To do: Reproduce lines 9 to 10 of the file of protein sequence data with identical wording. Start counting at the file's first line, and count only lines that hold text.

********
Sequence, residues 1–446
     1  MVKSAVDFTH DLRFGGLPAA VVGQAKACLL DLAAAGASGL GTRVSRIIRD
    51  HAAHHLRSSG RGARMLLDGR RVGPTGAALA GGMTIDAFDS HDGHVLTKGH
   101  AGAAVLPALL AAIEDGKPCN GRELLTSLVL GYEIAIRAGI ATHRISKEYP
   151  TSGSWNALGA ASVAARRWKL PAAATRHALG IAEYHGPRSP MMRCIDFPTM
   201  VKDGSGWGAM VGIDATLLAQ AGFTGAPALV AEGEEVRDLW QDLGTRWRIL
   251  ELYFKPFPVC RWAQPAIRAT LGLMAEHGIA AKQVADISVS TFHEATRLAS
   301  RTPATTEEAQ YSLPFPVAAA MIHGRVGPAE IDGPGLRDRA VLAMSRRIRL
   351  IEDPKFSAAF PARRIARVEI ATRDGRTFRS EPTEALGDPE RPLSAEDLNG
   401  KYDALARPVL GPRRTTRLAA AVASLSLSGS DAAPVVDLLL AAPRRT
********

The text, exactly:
   351  IEDPKFSAAF PARRIARVEI ATRDGRTFRS EPTEALGDPE RPLSAEDLNG
   401  KYDALARPVL GPRRTTRLAA AVASLSLSGS DAAPVVDLLL AAPRRT